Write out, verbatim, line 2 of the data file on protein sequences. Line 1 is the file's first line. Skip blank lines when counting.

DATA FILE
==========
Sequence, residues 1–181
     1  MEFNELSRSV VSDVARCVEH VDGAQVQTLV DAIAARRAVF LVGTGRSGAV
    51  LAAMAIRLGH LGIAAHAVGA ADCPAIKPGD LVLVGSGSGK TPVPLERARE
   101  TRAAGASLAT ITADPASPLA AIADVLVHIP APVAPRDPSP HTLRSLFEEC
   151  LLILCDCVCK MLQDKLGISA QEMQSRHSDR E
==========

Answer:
     1  MEFNELSRSV VSDVARCVEH VDGAQVQTLV DAIAARRAVF LVGTGRSGAV